After writing our Groovy code, it’s time to zip everything up and upload it to Lambda. We just need to include our libraries (the Groovy librarythe PostgreSQL library, and the aforementioned Lambda core library) in a lib folder adjacent to our Groovy file. Then we can run a quick Bash script to compile and zip all our files up:

groovyc -cp "./lib/*" -d build GroupStylesGenerator.groovy

cp -R lib build/lib

cd build

zip -r GroupStylesGenerator.zip *.class lib

Now we can go into the Lambda web interface, upload our zip file, specify our runtime, and specify our handler.

In order to actually use this in our Grunt process, we need to write some JavaScript that will make the request to our new Lambda function. Here’s our code:

const lambdaParams = {

    InvocationType: "RequestResponse",

    LogType: "None",

    FunctionName = "getGroupStyles",

    Payload: `{ "dbName": "${process.env.DB_NAME}" }`

};

const AWS = require('aws-sdk');

new AWS.Lambda().invoke(lambdaParams, (error, data) => {

    const responseFromLambda = JSON.parse(data.Payload);

    // now generate our CSS files!

    ...

});

We are using the aws-sdk Node package, which makes it quite simple to work with AWS in JavaScript. We have our AWS_ACCESS_KEY_ID and AWS_SECRET_ACCESS_KEY environment variables set so that the AWS SDK can authenticate our account and call our Lambda function. We then create a Lambda instance in our JS and make a request to our actual Lambda function by calling invoke. The params we pass include some things like "getGroupStyles", which is what we named our Lambda function in the web interface, and a small JSON Payload, which for some reason needed to be a string instead of a plain old JS object.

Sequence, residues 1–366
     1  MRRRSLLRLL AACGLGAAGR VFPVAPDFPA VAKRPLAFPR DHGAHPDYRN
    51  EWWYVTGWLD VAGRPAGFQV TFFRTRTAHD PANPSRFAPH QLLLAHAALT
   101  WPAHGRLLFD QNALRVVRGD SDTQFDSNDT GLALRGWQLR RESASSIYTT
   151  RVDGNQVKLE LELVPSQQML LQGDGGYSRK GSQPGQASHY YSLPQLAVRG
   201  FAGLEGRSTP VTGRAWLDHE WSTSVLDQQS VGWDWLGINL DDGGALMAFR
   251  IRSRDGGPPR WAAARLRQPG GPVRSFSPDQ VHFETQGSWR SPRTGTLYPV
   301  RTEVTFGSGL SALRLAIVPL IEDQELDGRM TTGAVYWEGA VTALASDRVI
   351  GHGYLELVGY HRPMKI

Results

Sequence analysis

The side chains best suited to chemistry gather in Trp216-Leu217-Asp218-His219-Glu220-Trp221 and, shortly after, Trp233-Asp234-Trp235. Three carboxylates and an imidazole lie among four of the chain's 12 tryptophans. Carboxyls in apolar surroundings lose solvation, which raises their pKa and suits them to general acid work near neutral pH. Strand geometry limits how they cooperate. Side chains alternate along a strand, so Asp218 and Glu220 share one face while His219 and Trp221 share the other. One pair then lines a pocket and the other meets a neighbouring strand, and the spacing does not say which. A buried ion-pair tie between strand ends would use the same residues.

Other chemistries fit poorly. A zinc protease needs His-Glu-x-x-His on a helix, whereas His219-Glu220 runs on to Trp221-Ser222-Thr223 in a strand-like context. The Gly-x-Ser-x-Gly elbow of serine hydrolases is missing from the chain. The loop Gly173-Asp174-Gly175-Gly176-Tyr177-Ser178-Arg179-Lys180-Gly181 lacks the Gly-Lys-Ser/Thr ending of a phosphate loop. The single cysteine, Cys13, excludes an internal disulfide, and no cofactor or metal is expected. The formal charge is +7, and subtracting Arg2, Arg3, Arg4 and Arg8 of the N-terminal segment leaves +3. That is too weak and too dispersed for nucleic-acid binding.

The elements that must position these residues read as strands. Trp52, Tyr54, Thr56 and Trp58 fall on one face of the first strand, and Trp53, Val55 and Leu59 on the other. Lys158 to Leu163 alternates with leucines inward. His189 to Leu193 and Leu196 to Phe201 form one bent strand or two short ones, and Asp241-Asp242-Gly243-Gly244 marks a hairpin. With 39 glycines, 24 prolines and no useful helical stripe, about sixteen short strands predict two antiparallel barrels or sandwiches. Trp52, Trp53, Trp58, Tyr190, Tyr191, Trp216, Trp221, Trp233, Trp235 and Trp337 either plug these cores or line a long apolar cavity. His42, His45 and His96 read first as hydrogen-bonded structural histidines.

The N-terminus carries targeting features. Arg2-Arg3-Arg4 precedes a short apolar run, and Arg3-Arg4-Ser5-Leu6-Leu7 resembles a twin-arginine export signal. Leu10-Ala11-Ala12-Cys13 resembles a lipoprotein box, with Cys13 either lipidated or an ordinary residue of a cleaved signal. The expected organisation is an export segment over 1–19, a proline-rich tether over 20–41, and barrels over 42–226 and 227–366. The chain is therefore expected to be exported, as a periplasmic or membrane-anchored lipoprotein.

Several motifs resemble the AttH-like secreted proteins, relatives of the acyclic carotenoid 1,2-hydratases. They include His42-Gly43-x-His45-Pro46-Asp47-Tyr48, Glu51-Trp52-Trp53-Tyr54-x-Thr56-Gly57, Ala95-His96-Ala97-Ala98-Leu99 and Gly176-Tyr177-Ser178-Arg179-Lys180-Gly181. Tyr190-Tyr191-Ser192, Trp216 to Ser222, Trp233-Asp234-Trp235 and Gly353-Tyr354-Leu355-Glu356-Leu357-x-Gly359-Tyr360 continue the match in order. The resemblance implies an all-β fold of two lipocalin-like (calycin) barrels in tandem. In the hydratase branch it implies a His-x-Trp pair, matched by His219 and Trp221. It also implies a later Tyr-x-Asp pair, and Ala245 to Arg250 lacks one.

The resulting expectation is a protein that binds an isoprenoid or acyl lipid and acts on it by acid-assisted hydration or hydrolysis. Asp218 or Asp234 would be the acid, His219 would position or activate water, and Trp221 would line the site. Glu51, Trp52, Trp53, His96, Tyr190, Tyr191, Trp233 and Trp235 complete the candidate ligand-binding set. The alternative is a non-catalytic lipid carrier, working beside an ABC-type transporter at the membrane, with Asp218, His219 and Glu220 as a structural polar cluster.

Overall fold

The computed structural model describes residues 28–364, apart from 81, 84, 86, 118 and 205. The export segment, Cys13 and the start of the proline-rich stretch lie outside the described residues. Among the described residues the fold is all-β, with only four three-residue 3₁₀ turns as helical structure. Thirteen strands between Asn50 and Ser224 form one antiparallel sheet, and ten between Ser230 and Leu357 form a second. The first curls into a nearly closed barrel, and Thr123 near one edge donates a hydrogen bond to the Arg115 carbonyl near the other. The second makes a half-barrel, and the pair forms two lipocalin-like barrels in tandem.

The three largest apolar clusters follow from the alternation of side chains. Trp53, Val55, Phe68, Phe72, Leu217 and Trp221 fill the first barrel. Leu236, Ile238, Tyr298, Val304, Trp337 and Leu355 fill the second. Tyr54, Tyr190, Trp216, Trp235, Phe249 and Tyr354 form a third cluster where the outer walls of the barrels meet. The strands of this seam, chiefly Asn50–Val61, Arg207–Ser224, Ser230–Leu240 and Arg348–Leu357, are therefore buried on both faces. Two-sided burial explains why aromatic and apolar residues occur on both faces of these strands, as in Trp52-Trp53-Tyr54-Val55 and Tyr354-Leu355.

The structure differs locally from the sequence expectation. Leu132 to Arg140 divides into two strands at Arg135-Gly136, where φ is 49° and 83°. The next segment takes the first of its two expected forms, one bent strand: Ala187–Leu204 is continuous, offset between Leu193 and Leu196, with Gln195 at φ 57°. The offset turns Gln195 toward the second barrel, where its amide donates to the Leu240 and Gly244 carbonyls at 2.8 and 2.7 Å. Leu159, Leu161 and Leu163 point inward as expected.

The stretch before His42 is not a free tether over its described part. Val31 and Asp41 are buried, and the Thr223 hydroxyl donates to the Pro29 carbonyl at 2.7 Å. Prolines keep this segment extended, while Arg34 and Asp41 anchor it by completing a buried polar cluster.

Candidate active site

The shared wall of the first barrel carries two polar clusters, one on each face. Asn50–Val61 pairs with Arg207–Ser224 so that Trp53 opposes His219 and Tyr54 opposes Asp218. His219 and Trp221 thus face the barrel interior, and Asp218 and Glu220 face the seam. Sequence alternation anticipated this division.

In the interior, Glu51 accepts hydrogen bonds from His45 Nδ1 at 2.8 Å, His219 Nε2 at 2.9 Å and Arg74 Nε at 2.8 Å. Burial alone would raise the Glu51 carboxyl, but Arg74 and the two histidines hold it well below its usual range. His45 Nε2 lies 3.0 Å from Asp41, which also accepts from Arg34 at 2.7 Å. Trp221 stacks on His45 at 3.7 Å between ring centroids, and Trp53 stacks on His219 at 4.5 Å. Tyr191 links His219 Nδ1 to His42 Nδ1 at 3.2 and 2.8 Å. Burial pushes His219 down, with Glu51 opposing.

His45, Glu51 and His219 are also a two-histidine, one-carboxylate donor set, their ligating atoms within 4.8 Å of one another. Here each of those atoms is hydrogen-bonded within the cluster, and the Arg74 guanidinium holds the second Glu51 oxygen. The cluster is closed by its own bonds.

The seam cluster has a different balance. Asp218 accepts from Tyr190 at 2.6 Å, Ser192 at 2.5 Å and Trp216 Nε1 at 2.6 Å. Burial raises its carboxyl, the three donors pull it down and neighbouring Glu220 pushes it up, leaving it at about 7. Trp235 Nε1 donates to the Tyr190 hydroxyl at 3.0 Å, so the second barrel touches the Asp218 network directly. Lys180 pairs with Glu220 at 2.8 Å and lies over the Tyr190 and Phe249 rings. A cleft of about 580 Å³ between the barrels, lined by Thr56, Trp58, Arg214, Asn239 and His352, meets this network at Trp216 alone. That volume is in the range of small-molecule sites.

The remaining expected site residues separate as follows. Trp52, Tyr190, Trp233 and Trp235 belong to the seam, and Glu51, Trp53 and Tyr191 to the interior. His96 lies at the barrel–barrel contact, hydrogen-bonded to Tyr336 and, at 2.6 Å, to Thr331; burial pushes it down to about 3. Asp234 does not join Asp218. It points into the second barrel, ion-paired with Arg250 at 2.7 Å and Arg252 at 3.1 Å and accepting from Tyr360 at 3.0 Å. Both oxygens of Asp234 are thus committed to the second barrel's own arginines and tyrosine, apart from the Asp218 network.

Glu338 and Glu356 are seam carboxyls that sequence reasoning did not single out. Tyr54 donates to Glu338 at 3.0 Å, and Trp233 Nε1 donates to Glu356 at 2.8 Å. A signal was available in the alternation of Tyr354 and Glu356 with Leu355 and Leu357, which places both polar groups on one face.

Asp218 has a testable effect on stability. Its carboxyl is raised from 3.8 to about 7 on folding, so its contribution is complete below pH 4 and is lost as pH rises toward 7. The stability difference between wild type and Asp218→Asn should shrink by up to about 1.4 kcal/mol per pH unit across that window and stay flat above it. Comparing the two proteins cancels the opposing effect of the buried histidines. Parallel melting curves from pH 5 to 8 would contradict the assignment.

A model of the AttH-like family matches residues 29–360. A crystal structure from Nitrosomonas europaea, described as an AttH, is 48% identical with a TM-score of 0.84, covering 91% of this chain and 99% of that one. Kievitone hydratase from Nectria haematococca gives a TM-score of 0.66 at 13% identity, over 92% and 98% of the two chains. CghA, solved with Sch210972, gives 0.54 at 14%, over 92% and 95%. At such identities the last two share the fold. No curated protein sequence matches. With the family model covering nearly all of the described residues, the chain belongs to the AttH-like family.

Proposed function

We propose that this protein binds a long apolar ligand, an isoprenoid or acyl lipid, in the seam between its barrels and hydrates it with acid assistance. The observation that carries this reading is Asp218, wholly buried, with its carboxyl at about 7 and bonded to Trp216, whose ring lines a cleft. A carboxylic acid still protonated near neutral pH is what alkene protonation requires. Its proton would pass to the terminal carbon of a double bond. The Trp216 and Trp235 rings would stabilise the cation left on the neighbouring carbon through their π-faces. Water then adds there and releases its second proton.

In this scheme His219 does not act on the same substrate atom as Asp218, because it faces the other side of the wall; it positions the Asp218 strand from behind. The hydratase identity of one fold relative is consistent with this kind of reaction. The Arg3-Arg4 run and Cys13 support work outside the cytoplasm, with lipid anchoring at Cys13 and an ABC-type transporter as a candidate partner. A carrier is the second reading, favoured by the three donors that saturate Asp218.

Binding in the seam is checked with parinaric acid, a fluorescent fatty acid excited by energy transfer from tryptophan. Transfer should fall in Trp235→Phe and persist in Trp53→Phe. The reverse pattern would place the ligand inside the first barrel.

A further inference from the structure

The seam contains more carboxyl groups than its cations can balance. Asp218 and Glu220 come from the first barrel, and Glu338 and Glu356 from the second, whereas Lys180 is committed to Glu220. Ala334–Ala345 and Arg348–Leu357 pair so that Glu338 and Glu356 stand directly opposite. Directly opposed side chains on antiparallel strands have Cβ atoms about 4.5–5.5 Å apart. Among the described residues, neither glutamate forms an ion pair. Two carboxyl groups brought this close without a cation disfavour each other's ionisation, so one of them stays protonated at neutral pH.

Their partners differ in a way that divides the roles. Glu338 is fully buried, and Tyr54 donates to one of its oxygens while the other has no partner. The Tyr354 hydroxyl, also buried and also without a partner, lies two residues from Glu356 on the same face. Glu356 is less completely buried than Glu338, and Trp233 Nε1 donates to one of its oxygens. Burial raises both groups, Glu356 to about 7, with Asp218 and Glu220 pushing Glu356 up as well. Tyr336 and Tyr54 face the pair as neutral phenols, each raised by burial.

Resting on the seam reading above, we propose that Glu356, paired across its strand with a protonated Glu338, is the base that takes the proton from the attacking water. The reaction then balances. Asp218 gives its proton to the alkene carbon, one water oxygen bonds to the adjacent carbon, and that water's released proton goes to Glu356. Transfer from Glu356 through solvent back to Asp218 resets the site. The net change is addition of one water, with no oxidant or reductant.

Our callback for handling the Lambda function’s response is straightforward. It’s an error-first callback, so we’ll get our style data back as the second parameter. Lambda wraps a JSON object around the response data and also stringifies the response data, so we needed to do a JSON.parse(data.Payload) to “unwrap” the data we wanted. Now we can use the data we’ve gotten from our Lambda function and inject it into our Sass and generate all of our CSS files!

Now, when we push our web app to production, our Grunt task sends a single request to our Lambda function, the JVM environment quickly spins up, the Groovy code queries our database, and it returns some JSON for Grunt to handle, and this all happens in just a few seconds. This was a perfect use case for AWS Lambda, and it has been working well for us for several months. Now, the size of our plate fits our little snack just perfectly!

If working on this type of thing sounds interesting to you, come work with us!